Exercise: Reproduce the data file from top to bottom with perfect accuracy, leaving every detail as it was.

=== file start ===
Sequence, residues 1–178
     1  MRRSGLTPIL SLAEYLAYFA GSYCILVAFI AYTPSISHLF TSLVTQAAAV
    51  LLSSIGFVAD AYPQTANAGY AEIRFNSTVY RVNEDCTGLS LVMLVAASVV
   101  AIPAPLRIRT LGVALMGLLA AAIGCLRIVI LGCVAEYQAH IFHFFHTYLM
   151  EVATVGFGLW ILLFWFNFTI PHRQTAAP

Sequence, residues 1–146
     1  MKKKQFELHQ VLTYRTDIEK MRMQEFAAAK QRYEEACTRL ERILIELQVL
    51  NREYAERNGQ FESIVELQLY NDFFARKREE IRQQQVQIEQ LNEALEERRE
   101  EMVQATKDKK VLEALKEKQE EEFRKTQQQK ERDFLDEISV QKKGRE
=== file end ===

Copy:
Sequence, residues 1–178
     1  MRRSGLTPIL SLAEYLAYFA GSYCILVAFI AYTPSISHLF TSLVTQAAAV
    51  LLSSIGFVAD AYPQTANAGY AEIRFNSTVY RVNEDCTGLS LVMLVAASVV
   101  AIPAPLRIRT LGVALMGLLA AAIGCLRIVI LGCVAEYQAH IFHFFHTYLM
   151  EVATVGFGLW ILLFWFNFTI PHRQTAAP

Sequence, residues 1–146
     1  MKKKQFELHQ VLTYRTDIEK MRMQEFAAAK QRYEEACTRL ERILIELQVL
    51  NREYAERNGQ FESIVELQLY NDFFARKREE IRQQQVQIEQ LNEALEERRE
   101  EMVQATKDKK VLEALKEKQE EEFRKTQQQK ERDFLDEISV QKKGRE